“I don’t really believe in closure,” says Sigrid Nunez as she reflects on her latest novel, The Friend. In fact, “I didn’t really need for there to be closure” in the book, she says. It’s a surprising thing to hear, not only because the book’s narrator seems to search everywhere for meaning after the sudden death of her friend, but also because the novel ends in beautiful completion, a full circle of sorts.

But a circle, though closed, is also unending. The Friend tells a story about the physical, emotional, and intellectual work of continuing to live in the face of loss. Through an intimate and unnamed first-person narrator—who, Nunez says, shares many of her own struggles—The Friend illuminates the strategies one draws on to cope and move through deep grief. The novel opens right after the narrator learns that her writing mentor, a close friend, has committed suicide. Because the mentor’s widow (and third wife) does not want to keep her late husband’s Great Dane, she convinces the narrator to overlook the real threat of losing her no-dogs-allowed, rent-controlled apartment in New York City and adopt Apollo. Together, the narrator and Apollo suffer the loss of their mutual friend.

I ask Nunez if The Friend provides a model for overcoming loss, if the book implicitly endorses moving with someone in the process of moving through and, eventually, on. “I don’t think the relationship with Apollo fixes things any more than the therapy,” she says; “nothing is really helping, [but] in helping the dog, in being good to the dog, in doing the right thing by the dog, I think that in itself did a certain amount of healing.” Is there something about the creatureliness of the dog that aids the narrator’s mourning, I ask. Nunez notes the dog’s silence and muteness, but then pivots to assert, “They really are a different species. I don’t think we really have any idea what is going on in their heads.” We breed dogs to comfort us, for example, but they don’t know why we suffer. “Our unhappiness must look so strange to them,” she says. “You have your food, you can do whatever you want…is that troubling to the dog that he can’t figure out” what ails you?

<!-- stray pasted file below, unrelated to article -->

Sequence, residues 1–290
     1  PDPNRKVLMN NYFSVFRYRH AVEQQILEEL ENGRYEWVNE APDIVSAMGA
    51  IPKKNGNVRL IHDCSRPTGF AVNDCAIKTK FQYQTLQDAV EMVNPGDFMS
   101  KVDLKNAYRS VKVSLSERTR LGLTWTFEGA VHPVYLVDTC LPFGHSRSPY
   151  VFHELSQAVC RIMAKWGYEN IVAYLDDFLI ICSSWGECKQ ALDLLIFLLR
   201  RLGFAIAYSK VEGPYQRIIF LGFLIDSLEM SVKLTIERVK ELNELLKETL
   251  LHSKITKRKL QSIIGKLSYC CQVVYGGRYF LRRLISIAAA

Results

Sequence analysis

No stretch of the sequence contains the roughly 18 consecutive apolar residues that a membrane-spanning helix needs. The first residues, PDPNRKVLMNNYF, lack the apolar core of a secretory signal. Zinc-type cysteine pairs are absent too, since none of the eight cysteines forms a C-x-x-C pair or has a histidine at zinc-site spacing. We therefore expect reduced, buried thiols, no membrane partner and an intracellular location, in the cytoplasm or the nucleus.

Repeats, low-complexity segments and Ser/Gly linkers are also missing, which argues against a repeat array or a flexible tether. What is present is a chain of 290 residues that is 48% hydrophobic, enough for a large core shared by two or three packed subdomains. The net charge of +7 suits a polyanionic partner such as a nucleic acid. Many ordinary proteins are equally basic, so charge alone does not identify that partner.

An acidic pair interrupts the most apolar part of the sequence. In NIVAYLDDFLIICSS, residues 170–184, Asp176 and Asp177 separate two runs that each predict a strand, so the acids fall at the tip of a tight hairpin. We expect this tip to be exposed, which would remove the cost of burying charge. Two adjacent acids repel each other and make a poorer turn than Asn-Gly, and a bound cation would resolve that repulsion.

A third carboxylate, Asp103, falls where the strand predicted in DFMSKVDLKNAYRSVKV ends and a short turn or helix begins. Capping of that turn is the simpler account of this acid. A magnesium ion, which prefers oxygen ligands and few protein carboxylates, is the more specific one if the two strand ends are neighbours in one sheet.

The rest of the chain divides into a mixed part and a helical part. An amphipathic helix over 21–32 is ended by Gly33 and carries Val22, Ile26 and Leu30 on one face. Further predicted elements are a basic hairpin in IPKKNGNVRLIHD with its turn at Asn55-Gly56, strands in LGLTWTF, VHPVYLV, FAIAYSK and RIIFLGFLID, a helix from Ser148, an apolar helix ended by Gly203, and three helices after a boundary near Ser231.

It is this way that Nunez has of observing the human-canine relationship with curiosity and open-endedness that she brings also to her writing.The novel’s first epigraphis a quote by Natalia Ginzburg (“You have to realize that you cannot hope to console yourself for your grief by writing”). “I believe her quote,” Nunez says. “Writing doesn’t want you to think, I am here to help you get through. Writing doesn’t want to know from you. You can’t think, I am suffering, I will write and then that will be healthy.” She wonders about the notion that writing and publishing yield happiness and asks me to consider the number of writers who are depressed, alcoholics, suicidal. And yet, Nunez points out, “if some writers didn’t write, they would be in serious trouble.” For Virginia Woolf, for example, Nunez and her narrator attest that writing was not only therapeutic but also brought great joy.

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In The Friend, Nunez inhabits some of life’s most complicated experiences—suicide, loss, interspecies friendship, and writing—and resists explanations that might make them easier but would also not do them justice. Sometimes directly addressed in the novel, and more often implicit, is the sexualized power dynamic between mentor and mentee. Twice The Friend’s narrator notes that her mentor, while living, “left trails of weeping Sigrid Nunez Cover women,” and recounts his erotic affairs with students. Nunez, here too, sees complexity. Sometimes the role of the mentor “can be a very good thing,” she says, “very helpful to somebody. And it can also be very destructive.” She calls the mentor relationship “very fraught.”

But regardless of the complexity she notes in the mentor-mentee dynamic, Nunez is clear that she does not want to be a mentor herself: “Maybe I just don’t want that power over an artist, over people who are just coming into their art.” She might feel differently if she had had different mentor relationships, she says; in that department, she’s “had a lot of disappointments.” But Nunez is still a teacher (currently, at Boston University) and she ends our talk with a teaching: “Don’t flinch,” she says. “Life is difficult and complicated and writing is hard; you have to tell the truth. You have to face certain things. You should go there, wherever it is, wherever it’s taking you.”

Brianna Jewell is a writer living in New York City.